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17 posts tagged with illumination.
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These manuscripts ain't gonna illuminate themselves

Model books, examples for medieval scribes to copy from and adapt in their work, are like illuminated manuscripts in concentrated form. A post from medieval historian Erik Kwakkel's excellent new blog, a longform complement to his excellent Tumblr (previously).
posted by Horace Rumpole on Sep 12, 2014 - 3 comments

Book of Kells online

Trinity College Dublin has added high-quality scans of the Book of Kells to their archives. These scans are now viewable by the public online.
posted by daisystomper on Mar 19, 2014 - 9 comments

The Light that will Be

After Michael Mann set out to direct Collateral, the story’s setting moved from New York to Los Angeles. This decision was in part motivated by the unique visual presence of the city — especially the way it looked at night. Mann shot a majority of the film in HD (this was 2004), feeling the format better captured the city’s night lighting. Even the film’s protagonist taxi needed a custom coat to pick up different sheens depending on the type of artificial lighting the cab passed beneath. That city, at least as it appears in Collateral and countless other films, will never be the same again. L.A. has made a vast change-over to LED street lights, with New York City not far behind. Why Hollywood Will Never Look the Same Again on Film: LEDs Hit the Streets of LA & NY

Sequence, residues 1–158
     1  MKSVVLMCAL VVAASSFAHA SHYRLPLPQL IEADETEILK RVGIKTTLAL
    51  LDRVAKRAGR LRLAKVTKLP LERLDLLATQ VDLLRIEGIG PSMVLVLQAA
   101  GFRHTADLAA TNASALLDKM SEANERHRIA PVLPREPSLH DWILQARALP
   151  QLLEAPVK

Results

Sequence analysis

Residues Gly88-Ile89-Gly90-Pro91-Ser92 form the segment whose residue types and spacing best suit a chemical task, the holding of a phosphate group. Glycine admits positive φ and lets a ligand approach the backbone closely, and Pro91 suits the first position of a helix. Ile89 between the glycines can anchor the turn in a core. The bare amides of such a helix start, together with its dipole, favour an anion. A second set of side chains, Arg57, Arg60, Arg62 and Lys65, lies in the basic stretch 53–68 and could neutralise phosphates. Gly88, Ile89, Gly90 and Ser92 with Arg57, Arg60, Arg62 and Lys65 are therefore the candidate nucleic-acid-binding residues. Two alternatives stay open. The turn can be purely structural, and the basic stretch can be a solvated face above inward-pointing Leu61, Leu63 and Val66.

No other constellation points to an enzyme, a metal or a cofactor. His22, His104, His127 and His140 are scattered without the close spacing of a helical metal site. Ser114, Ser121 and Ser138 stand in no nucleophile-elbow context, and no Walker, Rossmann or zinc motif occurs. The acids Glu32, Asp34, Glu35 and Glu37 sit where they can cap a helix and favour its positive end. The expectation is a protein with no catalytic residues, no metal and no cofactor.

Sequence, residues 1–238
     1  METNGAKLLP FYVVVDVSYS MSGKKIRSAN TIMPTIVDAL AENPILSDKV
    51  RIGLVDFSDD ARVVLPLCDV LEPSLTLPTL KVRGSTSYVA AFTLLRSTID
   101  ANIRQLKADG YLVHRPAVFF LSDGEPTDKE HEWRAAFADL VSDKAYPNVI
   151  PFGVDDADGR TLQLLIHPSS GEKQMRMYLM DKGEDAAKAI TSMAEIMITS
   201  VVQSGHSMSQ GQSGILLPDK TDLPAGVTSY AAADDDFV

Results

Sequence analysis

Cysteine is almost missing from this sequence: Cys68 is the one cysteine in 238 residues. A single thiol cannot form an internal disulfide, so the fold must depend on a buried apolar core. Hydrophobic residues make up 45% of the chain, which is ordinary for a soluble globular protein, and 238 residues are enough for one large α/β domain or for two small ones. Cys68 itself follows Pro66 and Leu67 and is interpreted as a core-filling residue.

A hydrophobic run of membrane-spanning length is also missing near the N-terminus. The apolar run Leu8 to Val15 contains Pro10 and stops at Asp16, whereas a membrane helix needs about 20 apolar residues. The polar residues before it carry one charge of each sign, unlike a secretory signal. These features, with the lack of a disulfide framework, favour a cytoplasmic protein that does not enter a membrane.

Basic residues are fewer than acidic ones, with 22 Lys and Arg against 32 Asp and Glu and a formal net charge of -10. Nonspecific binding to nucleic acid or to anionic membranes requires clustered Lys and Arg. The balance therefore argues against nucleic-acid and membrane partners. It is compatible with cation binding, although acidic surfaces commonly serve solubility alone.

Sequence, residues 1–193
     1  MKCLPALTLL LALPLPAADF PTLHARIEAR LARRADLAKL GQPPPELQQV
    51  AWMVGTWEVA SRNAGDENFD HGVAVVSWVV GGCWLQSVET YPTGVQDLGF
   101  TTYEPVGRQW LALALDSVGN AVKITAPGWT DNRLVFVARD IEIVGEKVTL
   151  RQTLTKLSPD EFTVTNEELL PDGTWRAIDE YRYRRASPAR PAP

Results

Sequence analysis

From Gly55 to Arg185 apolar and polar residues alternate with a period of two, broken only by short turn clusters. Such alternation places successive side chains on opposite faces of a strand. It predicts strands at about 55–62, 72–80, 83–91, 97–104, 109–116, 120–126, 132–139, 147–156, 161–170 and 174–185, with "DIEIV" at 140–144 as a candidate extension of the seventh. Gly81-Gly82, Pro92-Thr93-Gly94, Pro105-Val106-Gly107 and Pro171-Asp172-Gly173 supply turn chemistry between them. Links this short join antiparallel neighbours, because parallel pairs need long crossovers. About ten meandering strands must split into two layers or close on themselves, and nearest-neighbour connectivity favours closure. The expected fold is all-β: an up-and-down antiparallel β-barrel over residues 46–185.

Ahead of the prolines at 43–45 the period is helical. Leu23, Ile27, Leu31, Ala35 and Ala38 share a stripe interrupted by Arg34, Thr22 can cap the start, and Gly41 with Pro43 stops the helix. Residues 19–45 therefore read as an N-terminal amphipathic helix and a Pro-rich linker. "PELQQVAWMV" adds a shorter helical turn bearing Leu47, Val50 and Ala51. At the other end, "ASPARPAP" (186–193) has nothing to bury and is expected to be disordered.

posted by timshel on Feb 3, 2014 - 71 comments

"Red is the new Black"

Why Is The Night Sky Turning Red?
posted by the man of twists and turns on Mar 8, 2013 - 55 comments

The Iron Gall Ink Website

Presenting your source for all things iron gall ink. [more inside]
posted by jedicus on Aug 28, 2012 - 8 comments

Medieval Illuminated Initial Cookies

Anniina, the editor of Luminarium, makes beautiful cookies that look like medieval illuminated initials: "I chose historiated initials from several manuscripts, printed them on edible paper with edible ink, attached them to square cookies and gave them gold edges. Who says love of literature and art can't fill a belly?!" [more inside]
posted by hurdy gurdy girl on Jun 1, 2012 - 13 comments